We've all seen the future of computing in movies. We talk to Hal and Jarvis and they're smart enough to recognise what we want them to do. Today's computers are learning to be like that, just not as cool. Yet
Take this example of a mother walking into a doctor's office and asking an assistant about her son's diarrhea:
After a few more questions, the assistant declares herself "not that concerned at this point." She schedules an appointment with a doctor in a couple of days. The mother leads her son from the room, holding his hand. But he keeps looking back at the assistant, fascinated, as if reluctant to leave.
Maybe that is because the assistant is the disembodied likeness of a woman's face on a computer screen - a no-frills avatar. Her words of sympathy are jerky, flat and mechanical. But she has the right stuff - the ability to understand speech, recognise pediatric conditions and reason according to simple rules - to make an initial diagnosis of a childhood ailment and its seriousness. And to win the trust of a little boy.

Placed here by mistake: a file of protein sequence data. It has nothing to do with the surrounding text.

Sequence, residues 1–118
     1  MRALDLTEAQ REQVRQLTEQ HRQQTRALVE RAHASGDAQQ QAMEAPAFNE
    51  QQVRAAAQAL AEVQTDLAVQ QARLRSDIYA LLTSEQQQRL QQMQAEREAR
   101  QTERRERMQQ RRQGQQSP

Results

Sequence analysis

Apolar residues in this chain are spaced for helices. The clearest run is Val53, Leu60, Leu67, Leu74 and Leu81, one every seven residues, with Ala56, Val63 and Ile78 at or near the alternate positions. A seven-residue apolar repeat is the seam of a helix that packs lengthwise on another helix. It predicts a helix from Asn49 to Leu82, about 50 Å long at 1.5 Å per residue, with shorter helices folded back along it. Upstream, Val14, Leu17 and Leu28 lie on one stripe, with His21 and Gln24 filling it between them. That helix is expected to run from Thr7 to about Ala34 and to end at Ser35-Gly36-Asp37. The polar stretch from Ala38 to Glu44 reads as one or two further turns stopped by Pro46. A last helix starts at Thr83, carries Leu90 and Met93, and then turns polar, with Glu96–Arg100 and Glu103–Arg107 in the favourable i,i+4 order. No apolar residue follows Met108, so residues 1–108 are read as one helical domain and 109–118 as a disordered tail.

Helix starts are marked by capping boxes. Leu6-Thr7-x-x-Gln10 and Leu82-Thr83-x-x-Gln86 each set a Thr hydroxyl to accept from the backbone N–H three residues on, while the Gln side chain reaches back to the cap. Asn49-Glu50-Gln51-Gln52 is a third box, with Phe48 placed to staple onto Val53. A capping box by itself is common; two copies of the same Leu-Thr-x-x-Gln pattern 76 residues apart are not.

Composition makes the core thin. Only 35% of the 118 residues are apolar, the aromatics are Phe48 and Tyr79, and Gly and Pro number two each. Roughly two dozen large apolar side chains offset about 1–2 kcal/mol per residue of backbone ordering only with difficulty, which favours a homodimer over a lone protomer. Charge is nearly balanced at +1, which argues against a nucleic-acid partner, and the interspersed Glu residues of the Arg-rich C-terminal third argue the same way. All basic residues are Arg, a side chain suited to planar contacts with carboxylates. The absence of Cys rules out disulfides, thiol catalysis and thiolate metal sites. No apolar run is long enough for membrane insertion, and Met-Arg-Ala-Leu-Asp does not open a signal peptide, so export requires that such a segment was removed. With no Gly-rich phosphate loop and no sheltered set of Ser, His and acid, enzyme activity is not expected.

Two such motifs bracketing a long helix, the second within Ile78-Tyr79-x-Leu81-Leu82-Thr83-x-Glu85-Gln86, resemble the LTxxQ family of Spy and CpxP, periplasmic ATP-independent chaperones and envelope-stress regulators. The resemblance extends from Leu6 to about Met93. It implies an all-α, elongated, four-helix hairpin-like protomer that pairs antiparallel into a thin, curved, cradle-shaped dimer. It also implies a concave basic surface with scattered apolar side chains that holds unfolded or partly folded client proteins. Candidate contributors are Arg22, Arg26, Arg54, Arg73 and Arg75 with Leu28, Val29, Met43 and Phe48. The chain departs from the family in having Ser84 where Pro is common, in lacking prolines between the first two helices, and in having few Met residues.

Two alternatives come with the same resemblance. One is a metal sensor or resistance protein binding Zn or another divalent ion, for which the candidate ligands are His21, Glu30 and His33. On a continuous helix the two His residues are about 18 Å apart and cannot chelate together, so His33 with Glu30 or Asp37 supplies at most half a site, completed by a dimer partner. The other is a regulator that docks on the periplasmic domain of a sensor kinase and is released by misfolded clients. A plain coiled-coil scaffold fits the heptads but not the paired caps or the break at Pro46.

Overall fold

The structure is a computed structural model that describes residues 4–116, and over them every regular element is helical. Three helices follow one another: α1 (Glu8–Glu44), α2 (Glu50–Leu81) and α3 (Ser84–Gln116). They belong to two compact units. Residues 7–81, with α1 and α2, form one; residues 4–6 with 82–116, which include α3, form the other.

And in the glorious future, other artificially intelligent computers will schedule your meetings, effectively replace call centres or even plan a date for you and the missus. Which sadly means that they'll be replacing a lot of jobs that do better with human interaction, because a lot can get lost in translation when talking to a computer. As the article puts it, it's sort of like talking to "a waiter for whom English is a second language in a noisy restaurant." Asking for sushi might result in listings for Asian escorts.
We already deal with speech-recognizing software and computers during troubleshooting calls or even by using Google Voice Search. But AI is quickly advancing to the point where machines will be able to not only listen, but to process and learn from the things they hear. They might not necessarily get your jokes, but it's not like any humans ever did anyway. [NY Times]